So just because you have a 3.6kw power sources doesn't mean you can power your home. There are also regulations in most countries which protect those working on the grid. If you have a power cut, you would need to isolate your house from the grid before using the car as a power source to protect those who might be working on it, perhaps fixing an outage. If you isolated your house from the grid this fixes your phasing issue too however you still have the issue of high power demands such as cookers, electric showers or perhaps heating and cooling.

To resolve this you could either ensure all those are turned off before connecting up or better still put all you high demand circuits on a seperate circuit and only enable your important low demand items such as lights and maybe a boiler/furnace if you're in a cold climate. If you go over 3.6kw the car will disconnect likewise if the battery gets too low. So this is no solution for the high demand parts of the day when you might wish to use some of your stored energy.

This is why it's marketed as Vehicle to Load and NOT Vehicle to Grid. I concluded I would just run an extension lead and use it for emergencies. It's certainly not (yet) a home storage system parked on your drive. Somebody might produce some control circuitry to do this but it's not built in to the car and it's limited to 3.6Kw anyway. Technically it can be done, any solar inverter matches the phase and the voltage and feeds supply in to match. On my SolarEdge Inverter you can see this changing on the front panel.

So sorry to disappoint by the EV6 is not a home storage system.
 

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Discussion Starter · #6 · (Edited)
I've looked in to this and whilst in theory it is possible it's not as easy as plugging it in and hoping it will work... it will not. Firstly for V2G to work you need some quite complex control equipment. Your car cannot obviously power the whole grid but that's not the tricky part. AC is provided in a wave and the car's inverter needs to be "in phase" with the grid and your supply. This is vitally important for safety. If it's out of phase the potential difference (voltage) would spike and damage anything plugged it to it, your appliances, your car or you!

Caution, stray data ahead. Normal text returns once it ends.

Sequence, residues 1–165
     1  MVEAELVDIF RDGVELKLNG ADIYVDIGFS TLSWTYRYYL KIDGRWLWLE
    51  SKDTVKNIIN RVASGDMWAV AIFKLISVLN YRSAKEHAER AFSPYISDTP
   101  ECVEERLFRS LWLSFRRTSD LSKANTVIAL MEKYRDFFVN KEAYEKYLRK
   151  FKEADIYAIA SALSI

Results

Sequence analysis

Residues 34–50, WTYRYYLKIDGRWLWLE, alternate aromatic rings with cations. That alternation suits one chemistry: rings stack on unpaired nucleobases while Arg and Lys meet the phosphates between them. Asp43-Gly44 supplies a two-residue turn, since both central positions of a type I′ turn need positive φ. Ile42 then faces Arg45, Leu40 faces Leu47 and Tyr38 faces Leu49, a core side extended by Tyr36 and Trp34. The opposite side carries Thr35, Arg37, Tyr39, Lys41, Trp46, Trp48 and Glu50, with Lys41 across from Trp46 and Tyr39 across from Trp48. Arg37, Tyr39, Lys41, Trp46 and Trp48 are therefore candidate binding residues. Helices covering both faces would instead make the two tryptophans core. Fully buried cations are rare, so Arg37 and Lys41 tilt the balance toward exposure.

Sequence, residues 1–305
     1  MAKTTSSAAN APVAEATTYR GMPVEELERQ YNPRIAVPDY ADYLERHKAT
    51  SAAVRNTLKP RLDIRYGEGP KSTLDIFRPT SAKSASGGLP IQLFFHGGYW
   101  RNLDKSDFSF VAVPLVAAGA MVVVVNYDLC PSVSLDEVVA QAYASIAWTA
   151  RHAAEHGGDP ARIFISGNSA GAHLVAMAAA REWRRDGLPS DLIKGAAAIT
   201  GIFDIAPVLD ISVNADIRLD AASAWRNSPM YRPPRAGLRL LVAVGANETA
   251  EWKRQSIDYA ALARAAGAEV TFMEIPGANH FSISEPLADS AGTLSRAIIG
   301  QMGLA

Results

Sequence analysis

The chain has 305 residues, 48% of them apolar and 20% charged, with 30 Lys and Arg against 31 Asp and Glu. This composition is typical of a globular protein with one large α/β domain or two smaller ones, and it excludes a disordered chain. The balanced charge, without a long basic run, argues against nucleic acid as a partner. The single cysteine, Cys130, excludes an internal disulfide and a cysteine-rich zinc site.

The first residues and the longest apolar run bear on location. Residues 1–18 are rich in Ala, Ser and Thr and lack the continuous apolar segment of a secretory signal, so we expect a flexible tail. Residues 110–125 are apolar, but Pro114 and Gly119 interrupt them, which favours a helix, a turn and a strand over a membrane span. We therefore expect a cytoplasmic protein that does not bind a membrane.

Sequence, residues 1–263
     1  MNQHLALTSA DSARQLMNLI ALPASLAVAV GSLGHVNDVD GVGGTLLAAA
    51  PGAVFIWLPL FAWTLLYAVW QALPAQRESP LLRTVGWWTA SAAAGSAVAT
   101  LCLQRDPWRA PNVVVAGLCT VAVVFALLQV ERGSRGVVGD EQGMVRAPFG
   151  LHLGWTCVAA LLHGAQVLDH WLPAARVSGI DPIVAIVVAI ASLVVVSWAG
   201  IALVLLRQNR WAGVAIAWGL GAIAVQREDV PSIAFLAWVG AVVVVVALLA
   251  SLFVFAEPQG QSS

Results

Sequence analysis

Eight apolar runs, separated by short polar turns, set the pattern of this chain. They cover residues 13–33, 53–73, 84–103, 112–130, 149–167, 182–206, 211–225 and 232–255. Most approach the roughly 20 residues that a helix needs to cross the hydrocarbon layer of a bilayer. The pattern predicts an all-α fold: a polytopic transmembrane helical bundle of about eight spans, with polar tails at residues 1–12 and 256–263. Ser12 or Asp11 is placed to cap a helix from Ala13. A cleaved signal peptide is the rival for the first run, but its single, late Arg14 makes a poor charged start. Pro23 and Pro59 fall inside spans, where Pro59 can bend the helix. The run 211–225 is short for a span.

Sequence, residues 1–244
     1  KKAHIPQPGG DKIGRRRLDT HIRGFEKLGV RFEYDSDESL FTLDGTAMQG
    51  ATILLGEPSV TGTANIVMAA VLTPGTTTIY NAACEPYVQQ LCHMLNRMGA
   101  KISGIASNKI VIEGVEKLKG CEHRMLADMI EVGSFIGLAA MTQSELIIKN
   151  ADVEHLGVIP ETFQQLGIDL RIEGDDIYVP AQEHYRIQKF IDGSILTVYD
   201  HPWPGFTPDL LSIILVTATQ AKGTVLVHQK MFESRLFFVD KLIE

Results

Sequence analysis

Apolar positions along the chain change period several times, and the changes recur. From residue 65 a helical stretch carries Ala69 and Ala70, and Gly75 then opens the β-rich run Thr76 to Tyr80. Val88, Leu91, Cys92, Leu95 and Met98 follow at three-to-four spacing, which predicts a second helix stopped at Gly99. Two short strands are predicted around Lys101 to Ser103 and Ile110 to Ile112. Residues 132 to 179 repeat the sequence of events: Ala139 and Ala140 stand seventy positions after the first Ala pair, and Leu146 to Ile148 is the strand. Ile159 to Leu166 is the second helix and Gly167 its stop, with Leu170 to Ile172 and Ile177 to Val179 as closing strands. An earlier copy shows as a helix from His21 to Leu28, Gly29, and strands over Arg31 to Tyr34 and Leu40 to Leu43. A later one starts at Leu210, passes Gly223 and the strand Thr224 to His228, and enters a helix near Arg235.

So just because you have a 3.6kw power sources doesn't mean you can power your home. There are also regulations in most countries which protect those working on the grid. If you have a power cut, you would need to isolate your house from the grid before using the car as a power source to protect those who might be working on it, perhaps fixing an outage. If you isolated your house from the grid this fixes your phasing issue too however you still have the issue of high power demands such as cookers, electric showers or perhaps heating and cooling.

To resolve this you could either ensure all those are turned off before connecting up or better still put all you high demand circuits on a seperate circuit and only enable your important low demand items such as lights and maybe a boiler/furnace if you're in a cold climate. If you go over 3.6kw the car will disconnect likewise if the battery gets too low. So this is no solution for the high demand parts of the day when you might wish to use some of your stored energy.